By Carol D. Leonnig
Washington Post Staff Writer
Friday, January 27, 2006
Attorneys for Vice President Cheney's former top aide urged a court yesterday to force prosecutors to turn over all the information they obtained from reporters about their confidential conversations with Bush administration sources in the course of a two-year CIA leak investigation.
Attorneys for I. Lewis "Scooter" Libby said they must cast a wide net to learn about any conversations regarding CIA operative Valerie Plame, and that the information could be crucial to Libby's defense against perjury and obstruction charges. In court papers, the lawyers said they will probably subpoena reporters and officials later to thoroughly investigate how widely Plame's identity was known before her name appeared in the news media in July 2003.
Libby was indicted by Special Counsel Patrick J. Fitzgerald on five felony counts of lying to the FBI and a grand jury. The indictment asserted that Libby leaked information about Plame's CIA role to two reporters but pretended he had learned the information from Tim Russert, the Washington bureau chief of NBC News, and that he passed it along as unverified reporter chatter.
The defense's goal is to show that Libby was not intentionally lying when he testified that many journalists had known about Plame during the spring and summer of 2003, and that he believed he had learned about her from Russert. "There can be no information more material to the defense of a perjury case than information tending to show that the alleged false statements are, in fact, true or that they could be the result of mistake or confusion," the lawyers argued in their filing. "Libby is entitled to know what the government knows."
Fitzgerald began investigating in early 2004 whether administration officials broke the law and leaked information about Plame as retaliation. Her name and CIA role appeared in a July 2003 syndicated column by Robert D. Novak -- eight days after Plame's husband, former ambassador Joseph C. Wilson IV, publicly criticized the Bush administration's justification for waging war with Iraq.
The defense effort to delve deeper into Fitzgerald's investigation, if successful, could divulge the identities of some anonymous, high-level government sources whom reporters and news organizations have spent years and millions of dollars in legal fees protecting from public view. The defense strategy is expected to pull several high-profile Washington journalists into a legal battle over the First Amendment, many of them for a second time.
The court papers specifically asked U.S. District Judge Reggie B. Walton to have Fitzgerald turn over all documents showing knowledge by other reporters of Plame's CIA role or her husband's mission to investigate claims that Iraq was trying to obtain from Niger materials for a nuclear program, and any subpoenas or agreements with other reporters who provided information to the investigation. Fitzgerald has asserted that Libby is not entitled to information about all the reporters questioned in the investigation if the government does not expect to use their information or call them as witnesses in Libby's trial, the filings said.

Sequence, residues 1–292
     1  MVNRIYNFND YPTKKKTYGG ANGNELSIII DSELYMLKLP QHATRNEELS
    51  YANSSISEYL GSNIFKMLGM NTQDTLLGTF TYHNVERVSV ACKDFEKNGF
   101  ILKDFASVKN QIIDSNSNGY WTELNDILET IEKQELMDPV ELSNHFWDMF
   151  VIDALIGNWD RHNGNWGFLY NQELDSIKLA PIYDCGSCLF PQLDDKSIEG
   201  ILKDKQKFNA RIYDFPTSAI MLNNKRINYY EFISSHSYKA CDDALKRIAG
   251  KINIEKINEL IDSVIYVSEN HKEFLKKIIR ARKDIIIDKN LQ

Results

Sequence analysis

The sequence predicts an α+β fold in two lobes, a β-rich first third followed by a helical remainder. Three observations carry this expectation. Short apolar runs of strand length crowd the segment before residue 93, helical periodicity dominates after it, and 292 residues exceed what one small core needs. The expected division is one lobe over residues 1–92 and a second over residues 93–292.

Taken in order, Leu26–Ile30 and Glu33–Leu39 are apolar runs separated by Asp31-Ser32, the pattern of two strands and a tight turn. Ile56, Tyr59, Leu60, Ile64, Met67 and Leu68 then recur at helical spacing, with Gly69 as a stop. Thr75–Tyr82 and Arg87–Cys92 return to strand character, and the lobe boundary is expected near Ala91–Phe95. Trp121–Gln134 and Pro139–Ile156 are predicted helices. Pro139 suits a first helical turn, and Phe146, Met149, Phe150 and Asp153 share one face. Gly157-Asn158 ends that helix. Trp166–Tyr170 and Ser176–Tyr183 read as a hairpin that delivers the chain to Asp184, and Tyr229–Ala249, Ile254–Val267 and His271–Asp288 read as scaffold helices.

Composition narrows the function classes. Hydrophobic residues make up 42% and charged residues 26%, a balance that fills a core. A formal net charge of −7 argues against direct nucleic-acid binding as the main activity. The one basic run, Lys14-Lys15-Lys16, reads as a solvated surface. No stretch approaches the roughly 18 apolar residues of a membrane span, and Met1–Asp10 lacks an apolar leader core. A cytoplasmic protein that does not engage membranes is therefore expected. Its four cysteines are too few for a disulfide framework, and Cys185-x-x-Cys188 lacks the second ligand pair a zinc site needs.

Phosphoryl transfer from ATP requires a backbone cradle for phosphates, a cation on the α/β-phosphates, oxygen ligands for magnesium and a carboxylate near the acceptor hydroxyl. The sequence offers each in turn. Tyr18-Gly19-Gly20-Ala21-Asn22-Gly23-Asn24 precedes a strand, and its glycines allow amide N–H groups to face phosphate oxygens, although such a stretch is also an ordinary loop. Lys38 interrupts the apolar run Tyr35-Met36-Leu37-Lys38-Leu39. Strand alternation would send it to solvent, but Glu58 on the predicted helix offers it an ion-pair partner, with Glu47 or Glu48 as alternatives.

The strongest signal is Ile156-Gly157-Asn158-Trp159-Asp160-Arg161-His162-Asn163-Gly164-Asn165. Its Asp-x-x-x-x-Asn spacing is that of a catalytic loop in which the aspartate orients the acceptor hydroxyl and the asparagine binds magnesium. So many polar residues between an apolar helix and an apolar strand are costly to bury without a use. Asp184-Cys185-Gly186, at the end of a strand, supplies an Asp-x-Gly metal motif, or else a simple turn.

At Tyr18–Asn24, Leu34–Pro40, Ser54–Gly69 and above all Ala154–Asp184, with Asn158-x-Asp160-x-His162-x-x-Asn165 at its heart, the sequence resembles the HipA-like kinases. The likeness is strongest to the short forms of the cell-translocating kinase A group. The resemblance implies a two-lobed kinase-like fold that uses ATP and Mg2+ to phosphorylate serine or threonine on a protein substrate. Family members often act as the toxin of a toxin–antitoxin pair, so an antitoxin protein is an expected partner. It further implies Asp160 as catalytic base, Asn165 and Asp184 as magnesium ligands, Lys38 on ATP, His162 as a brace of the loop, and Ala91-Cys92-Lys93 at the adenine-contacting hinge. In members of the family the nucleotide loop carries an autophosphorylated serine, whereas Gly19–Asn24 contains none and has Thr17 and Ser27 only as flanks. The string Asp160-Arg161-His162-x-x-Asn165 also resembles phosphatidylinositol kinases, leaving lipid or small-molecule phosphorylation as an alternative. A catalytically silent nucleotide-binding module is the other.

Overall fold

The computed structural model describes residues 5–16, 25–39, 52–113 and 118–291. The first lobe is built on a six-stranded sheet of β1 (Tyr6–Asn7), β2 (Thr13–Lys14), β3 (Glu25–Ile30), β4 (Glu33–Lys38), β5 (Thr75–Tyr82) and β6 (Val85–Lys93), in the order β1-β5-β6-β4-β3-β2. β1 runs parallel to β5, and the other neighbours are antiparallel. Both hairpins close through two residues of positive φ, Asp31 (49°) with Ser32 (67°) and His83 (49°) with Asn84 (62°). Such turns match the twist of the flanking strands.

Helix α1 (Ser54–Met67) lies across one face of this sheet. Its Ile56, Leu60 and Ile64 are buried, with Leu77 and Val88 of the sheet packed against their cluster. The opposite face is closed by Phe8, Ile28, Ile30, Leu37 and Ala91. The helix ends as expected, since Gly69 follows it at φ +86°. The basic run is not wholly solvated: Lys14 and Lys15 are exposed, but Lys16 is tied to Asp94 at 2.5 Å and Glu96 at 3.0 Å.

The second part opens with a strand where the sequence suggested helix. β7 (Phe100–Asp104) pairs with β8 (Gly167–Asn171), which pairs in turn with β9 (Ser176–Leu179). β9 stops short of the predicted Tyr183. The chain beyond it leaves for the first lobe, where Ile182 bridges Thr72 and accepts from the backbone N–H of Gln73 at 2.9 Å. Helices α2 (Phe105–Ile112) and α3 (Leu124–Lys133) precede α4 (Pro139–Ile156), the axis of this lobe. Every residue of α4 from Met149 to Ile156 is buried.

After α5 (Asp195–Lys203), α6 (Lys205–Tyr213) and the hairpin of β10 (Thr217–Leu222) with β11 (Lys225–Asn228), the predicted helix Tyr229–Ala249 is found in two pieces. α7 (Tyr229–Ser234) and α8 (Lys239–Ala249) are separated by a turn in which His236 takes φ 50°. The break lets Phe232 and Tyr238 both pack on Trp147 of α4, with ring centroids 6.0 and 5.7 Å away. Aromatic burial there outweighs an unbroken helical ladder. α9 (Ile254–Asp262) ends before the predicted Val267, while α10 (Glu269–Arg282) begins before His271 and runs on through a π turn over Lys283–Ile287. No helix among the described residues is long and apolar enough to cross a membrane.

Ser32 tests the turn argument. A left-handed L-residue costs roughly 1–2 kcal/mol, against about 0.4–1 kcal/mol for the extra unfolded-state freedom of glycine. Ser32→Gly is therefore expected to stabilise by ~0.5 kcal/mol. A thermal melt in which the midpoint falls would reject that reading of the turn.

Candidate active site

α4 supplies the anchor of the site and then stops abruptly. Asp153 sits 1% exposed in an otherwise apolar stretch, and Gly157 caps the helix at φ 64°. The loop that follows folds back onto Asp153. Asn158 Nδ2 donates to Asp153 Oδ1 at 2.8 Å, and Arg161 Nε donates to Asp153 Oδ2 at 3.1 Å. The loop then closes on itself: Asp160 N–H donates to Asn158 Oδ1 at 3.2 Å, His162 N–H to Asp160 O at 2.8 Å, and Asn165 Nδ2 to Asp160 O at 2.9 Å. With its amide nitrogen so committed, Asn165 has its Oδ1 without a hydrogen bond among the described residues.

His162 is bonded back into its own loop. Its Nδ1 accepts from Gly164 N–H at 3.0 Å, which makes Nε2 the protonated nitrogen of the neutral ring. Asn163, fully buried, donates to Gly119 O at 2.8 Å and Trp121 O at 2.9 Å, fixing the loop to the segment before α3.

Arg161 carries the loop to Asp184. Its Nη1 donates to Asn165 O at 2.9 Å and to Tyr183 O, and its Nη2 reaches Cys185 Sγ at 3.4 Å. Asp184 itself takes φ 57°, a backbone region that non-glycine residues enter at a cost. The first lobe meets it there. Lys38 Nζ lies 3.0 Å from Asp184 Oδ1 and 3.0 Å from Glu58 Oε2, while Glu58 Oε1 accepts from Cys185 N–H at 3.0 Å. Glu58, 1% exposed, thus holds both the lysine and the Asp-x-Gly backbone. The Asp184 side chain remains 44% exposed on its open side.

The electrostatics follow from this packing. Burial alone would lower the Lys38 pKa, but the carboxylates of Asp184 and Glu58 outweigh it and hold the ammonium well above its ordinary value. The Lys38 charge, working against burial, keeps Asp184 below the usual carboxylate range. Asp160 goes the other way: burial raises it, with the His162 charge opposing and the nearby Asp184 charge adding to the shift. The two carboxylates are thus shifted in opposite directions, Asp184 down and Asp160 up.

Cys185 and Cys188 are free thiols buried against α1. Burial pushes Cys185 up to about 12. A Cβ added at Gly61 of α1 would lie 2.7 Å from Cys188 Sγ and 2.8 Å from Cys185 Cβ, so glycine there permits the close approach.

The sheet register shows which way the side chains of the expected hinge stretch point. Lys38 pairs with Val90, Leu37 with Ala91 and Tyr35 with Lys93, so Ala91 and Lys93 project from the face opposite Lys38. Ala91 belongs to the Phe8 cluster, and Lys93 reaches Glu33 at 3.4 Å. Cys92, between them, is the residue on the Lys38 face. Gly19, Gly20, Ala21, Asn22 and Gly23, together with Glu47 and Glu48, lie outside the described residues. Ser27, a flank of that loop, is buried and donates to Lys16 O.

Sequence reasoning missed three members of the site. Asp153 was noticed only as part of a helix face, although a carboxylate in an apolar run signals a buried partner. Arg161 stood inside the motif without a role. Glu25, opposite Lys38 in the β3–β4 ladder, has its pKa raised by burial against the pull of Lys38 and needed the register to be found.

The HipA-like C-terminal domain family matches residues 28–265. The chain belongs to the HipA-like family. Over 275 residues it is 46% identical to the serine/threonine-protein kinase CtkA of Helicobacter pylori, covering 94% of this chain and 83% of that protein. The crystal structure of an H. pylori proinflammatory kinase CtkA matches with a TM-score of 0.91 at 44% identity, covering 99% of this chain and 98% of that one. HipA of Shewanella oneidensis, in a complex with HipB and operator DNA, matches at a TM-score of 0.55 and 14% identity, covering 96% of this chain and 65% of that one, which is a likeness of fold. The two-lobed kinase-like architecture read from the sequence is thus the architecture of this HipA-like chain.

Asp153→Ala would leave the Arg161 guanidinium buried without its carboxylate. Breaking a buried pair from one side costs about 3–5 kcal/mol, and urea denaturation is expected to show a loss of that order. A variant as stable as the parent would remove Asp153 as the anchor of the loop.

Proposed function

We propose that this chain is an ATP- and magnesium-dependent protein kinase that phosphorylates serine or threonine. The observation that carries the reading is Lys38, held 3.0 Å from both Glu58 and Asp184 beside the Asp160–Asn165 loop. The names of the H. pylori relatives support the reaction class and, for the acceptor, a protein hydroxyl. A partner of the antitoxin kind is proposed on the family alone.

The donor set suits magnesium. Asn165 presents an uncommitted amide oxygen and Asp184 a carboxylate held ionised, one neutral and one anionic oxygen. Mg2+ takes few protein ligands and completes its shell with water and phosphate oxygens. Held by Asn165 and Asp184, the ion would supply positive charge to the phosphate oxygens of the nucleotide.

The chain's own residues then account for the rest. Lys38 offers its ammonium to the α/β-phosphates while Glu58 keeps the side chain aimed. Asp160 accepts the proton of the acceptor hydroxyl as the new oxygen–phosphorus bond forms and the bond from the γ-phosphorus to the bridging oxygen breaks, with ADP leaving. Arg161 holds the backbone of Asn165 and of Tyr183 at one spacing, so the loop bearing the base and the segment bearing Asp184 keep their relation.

But the court papers filed by Libby's team highlighted Bob Woodward, a Washington Post reporter and assistant managing editor, as a crucial witness who could provide exculpatory information that might help Libby avoid a conviction. Woodward revealed in November, a few weeks after Libby was indicted, that another administration source -- not Libby -- had told him in a "casual" and "offhand" way about Plame's CIA role. Woodward testified that this conversation took place before Libby is believed to have first provided information about Plame to Judith Miller, then a New York Times reporter.
Woodward, who has repeatedly said he has not been released to identify his source, declined to comment yesterday. Washington Post attorney Mary Ann Werner said the newspaper continues to consider its promises of anonymity to sources sacred -- and vital to some kinds of newsgathering.
"Protecting our confidential sources has been our highest priority throughout this investigation, and it remains our highest priority today," Werner said.
The court papers also mentioned an interest in questioning NBC News reporter Andrea Mitchell, who suggested in an October 2003 news program that it was "common knowledge" among some intelligence reporters that Plame worked at the CIA, and Washington Post reporter Walter Pincus, who allegedly learned about Plame from another unidentified source in 2003.
Charles Tobin, a media lawyer in Washington, said the move by Libby's defense was expected and is the result of Fitzgerald's aggressive insistence on deposing journalists and forcing them under threat of jail to reveal confidential sources.
"I think we could have expected that, when the prosecutor went on a fishing expedition, that the fish he caught would want to look back in the pail," Tobin said. "The more this case develops, the further we seem to be getting from the core issues of the indictment -- and more into the business of journalism and how news gets put out in this town."